This is “Aggregate Welfare Effects of Free Trade in the Immobile Factor Model”, section 4.11 from the book Policy and Theory of International Trade (v. 1.0). For details on it (including licensing), click here.
This book is licensed under a Creative Commons by-nc-sa 3.0 license. See the license for more details, but that basically means you can share this book as long as you credit the author (but see below), don't make money from it, and do make it available to everyone else under the same terms.
This content was accessible as of December 29, 2012, and it was downloaded then by Andy Schmitz in an effort to preserve the availability of this book.
Normally, the author and publisher would be credited here. However, the publisher has asked for the customary Creative Commons attribution to the original publisher, authors, title, and book URI to be removed. Additionally, per the publisher's request, their name has been removed in some passages. More information is available on this project's attribution page.
For more information on the source of this book, or why it is available for free, please see the project's home page. You can browse or download additional books there. To download a .zip file containing this book to use offline, simply click here.
Figure 4.4 "Comparing Free Trade to Autarky" compares autarky and free trade equilibria for the United States and France. The US PPF is given by the red dot at A, while the French PPF is given by the green dot at A∗. We assume both countries share the same aggregate preferences represented by the indifference curves in the diagram.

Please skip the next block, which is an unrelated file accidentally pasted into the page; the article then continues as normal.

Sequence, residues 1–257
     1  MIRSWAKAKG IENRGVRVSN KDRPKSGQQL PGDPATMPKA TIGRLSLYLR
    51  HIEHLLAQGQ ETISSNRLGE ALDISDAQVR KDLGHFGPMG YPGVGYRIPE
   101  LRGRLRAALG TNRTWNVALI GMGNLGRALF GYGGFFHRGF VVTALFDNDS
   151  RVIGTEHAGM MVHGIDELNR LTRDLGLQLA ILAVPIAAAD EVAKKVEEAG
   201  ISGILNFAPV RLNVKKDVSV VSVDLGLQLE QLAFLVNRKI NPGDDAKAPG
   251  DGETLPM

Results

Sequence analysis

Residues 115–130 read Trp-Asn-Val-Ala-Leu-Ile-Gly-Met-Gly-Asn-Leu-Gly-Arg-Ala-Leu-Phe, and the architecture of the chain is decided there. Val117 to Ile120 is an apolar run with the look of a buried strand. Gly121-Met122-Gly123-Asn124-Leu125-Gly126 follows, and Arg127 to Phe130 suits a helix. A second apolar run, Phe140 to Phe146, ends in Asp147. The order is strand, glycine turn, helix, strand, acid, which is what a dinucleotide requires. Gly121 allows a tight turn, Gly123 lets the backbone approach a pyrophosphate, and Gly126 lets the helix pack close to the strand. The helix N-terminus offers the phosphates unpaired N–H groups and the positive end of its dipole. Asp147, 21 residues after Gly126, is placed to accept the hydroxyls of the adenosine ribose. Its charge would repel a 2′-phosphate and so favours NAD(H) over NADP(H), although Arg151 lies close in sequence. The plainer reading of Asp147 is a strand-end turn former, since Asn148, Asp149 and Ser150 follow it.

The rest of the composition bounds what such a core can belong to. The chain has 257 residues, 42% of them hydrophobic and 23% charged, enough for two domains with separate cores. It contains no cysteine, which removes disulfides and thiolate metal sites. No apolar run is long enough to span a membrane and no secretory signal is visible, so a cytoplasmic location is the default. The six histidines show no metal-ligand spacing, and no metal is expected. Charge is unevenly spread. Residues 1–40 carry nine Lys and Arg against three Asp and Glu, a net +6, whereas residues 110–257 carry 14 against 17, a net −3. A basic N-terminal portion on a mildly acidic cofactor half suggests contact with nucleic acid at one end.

Figure 4.4 Comparing Free Trade to Autarky
The U.S. autarky production and consumption points are determined where the aggregate indifference curve touches the U.S. PPF at point A. The United States realizes a level of aggregate utility that corresponds to the indifference curve IAut.
The U.S. production and consumption points in free trade are A and C, respectively. The United States continues to produce at A since factors are immobile between industries but trades to achieve its consumption point at C. In free trade, the United States realizes a level of aggregate utility that corresponds to the indifference curve IFT. Since the free trade indifference curve IFT lies to the northeast of the autarky indifference curve IAut, national welfare rises as the United States moves to free trade.
France’s autarky production and consumption points are determined where the aggregate indifference curve touches France’s PPF at point A∗. France realizes a level of aggregate utility that corresponds to the indifference curve IAut∗.
French production and consumption in free trade occurs at A∗ and C∗, respectively. In free trade France realizes a level of aggregate utility that corresponds to the indifference curve IFT∗. Since the free trade indifference curve IFT∗ lies to the northeast of the autarky indifference curve IAut∗, national welfare also rises as France moves to free trade.
This means that free trade will raise aggregate welfare for both countries relative to autarky. Both countries are better off with free trade.
Finally, the aggregate welfare gains from free trade can generally be decomposed into production efficiency gains and consumption efficiency gains. However, since production cannot shift in either country when moving to free trade, there are no production efficiency gains in the immobile factor model. Thus, in the United States, the increase in utility between IFT and IAut shown in Figure 4.4 "Comparing Free Trade to Autarky" represents an increase in consumption efficiency only.
Jeopardy Questions. As in the popular television game show, you are given an answer to a question and you must respond with the question. For example, if the answer is “a tax on imports,” then the correct question is “What is a tariff?”